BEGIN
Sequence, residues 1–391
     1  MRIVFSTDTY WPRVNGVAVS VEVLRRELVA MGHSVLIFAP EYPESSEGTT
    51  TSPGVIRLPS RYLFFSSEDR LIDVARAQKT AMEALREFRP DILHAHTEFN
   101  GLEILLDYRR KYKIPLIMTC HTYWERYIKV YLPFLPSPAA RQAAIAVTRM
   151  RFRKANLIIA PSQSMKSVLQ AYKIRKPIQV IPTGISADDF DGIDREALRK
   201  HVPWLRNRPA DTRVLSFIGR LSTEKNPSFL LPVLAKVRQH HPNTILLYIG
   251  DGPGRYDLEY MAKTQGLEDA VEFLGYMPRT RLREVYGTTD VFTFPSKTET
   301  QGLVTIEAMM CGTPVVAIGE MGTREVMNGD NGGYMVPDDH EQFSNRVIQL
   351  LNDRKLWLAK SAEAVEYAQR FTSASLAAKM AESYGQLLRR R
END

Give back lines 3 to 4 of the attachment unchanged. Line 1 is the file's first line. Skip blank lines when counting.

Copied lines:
    51  TSPGVIRLPS RYLFFSSEDR LIDVARAQKT AMEALREFRP DILHAHTEFN
   101  GLEILLDYRR KYKIPLIMTC HTYWERYIKV YLPFLPSPAA RQAAIAVTRM